Four financial innovations for a new generation
While financial innovation is often associated with nearly toppling the international economic system, some entrepreneurs are preparing a different breed of financial tools.
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Then, in 2000, federal officials, academics, and a local nonprofit group stepped in with a solution: Homeowners could purchase what amounted to insurance against future price declines for a one-time fee of 1.5 percent of their home’s value.
Then prices stabilized – probably because of some slight improvement in the local economy.
The insurance might have kept some Salt City residents from panicking, too. Of the more than 130 homeowners who purchased the protection, no one has yet filed a claim.
“It’s one of the few cases out there where providing the insurance makes the insurance less expensive,” says Barry Nalebuff, a professor of management at Yale University in New Haven, Conn., who helped design the program.
In the aftermath of subprime mortgages and credit default swaps, investors might be excused for equating financial innovation with Wall Street shenanigans. Yet it is precisely those highly destructive missteps that are causing a new generation of innovators to find opportunities to give investors more ways to protect their portfolios, more oversight over the stocks they own, and more socially responsible avenues for their money.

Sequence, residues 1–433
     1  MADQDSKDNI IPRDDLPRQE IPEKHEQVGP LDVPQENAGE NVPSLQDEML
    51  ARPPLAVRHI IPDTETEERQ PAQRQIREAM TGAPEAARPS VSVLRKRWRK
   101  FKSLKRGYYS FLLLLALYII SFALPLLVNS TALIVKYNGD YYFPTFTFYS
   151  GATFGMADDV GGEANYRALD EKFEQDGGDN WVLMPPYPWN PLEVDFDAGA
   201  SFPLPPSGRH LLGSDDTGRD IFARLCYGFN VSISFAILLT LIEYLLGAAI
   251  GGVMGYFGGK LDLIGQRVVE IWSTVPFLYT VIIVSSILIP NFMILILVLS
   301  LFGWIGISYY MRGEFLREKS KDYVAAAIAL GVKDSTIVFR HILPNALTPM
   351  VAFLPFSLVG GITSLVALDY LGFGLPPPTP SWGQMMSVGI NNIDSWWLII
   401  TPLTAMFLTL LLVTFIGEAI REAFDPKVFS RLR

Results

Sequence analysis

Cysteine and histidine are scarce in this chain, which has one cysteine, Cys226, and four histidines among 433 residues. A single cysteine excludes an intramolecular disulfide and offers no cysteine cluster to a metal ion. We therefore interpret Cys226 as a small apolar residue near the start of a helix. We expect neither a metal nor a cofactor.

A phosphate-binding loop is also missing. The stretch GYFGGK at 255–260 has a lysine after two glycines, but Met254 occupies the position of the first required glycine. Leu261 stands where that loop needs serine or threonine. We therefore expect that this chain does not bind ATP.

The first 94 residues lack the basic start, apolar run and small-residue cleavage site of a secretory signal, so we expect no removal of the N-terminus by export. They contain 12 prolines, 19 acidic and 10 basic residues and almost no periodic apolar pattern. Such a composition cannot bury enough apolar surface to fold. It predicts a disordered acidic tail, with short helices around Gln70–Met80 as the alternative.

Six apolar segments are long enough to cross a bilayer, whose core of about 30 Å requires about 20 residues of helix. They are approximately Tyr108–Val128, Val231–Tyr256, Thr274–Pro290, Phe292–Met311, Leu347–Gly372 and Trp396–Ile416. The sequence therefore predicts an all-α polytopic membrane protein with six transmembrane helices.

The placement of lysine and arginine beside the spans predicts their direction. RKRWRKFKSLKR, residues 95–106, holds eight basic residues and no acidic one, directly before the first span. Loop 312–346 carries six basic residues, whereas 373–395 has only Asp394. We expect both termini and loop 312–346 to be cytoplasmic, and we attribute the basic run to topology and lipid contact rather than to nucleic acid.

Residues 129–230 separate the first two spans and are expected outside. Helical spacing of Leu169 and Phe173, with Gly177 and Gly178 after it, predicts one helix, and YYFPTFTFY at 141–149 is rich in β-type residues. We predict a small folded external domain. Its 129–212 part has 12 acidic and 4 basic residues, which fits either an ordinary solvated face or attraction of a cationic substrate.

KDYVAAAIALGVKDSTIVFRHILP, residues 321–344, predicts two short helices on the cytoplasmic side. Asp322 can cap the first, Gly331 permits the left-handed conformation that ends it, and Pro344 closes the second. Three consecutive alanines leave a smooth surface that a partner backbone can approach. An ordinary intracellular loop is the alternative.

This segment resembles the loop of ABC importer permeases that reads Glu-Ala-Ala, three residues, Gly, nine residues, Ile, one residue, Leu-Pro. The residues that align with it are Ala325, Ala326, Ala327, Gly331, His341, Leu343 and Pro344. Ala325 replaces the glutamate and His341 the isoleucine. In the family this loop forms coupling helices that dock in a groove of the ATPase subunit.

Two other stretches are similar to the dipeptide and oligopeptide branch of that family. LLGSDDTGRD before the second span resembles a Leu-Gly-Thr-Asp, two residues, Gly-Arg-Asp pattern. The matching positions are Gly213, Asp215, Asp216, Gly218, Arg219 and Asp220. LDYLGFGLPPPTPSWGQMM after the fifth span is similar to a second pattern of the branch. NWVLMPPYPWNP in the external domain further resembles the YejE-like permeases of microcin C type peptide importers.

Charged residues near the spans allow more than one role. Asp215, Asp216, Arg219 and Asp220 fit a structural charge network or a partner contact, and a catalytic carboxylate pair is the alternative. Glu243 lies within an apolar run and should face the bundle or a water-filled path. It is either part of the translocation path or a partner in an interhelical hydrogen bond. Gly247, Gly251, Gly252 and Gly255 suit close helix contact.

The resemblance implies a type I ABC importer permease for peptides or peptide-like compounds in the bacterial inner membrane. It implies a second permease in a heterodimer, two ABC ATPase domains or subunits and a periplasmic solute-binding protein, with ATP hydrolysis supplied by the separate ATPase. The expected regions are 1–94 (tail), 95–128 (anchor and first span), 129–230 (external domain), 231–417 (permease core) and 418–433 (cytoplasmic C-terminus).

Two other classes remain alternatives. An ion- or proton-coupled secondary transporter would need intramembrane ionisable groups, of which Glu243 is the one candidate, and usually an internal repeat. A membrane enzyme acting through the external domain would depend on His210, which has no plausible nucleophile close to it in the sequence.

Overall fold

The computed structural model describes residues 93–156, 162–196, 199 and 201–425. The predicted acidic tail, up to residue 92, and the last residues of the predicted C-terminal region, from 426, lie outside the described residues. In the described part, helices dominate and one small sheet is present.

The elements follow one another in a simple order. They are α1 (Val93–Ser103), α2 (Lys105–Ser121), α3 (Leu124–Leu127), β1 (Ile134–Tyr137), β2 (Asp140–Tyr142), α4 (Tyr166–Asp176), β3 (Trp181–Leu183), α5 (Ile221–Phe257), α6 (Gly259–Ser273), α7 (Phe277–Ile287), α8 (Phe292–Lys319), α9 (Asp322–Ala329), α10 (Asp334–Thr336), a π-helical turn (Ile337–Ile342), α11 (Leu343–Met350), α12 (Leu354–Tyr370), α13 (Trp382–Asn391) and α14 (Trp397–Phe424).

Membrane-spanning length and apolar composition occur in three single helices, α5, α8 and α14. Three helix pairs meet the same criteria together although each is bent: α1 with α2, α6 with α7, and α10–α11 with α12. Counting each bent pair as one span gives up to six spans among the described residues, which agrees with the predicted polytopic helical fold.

“What we are looking for are products that are simple enough to be understood by average people,” says Rama Cont, director of the Center for Financial Engineering at Columbia University in New York. “Even people who sit in their bedroom and look at television all day … are exposed to financial risk because they have a mortgage,” he says.
Once individuals understand that they are exposed to such risks, they become more receptive to new instruments that can help them hedge, Mr. Cont adds.
A handful of new products are now being advanced by innovators in the financial-services sector. Whether any or all will take off remains to be seen. Such innovations need broad buy-in from the financial industry to get lift and become widely available. Still, in the shadow of the longest recession in the postwar era, they keep coming.
1. Home-value insurance
Syracuse’s home-equity insurance is one method to protect homeowners. There are others. Yale economist Robert Shiller has proposed income-linked mortgages, in which the buyer’s monthly mortgage payment would drop if the average salary of his or her profession fell, regardless of what happened to the individual’s salary.
In a relationship account, the mortgage essentially becomes like a consumer’s checking account. When a homeowner deposits money into the account, it reduces the principal of the mortgage and thus lowers the interest cost and that month’s mortgage payment.
When the owner withdraws money for, say, the purchase of a car, the interest costs rise, as does the monthly payment.
“Instead of borrowing [as you do with] a credit card, you’re borrowing against a secured asset on which the interest rate is significantly lower,” says Mr. Landry, who works for information-technology services firm CGI, which is headquartered in Canada. “It’s like giving yourself little home
equity lines all the time.”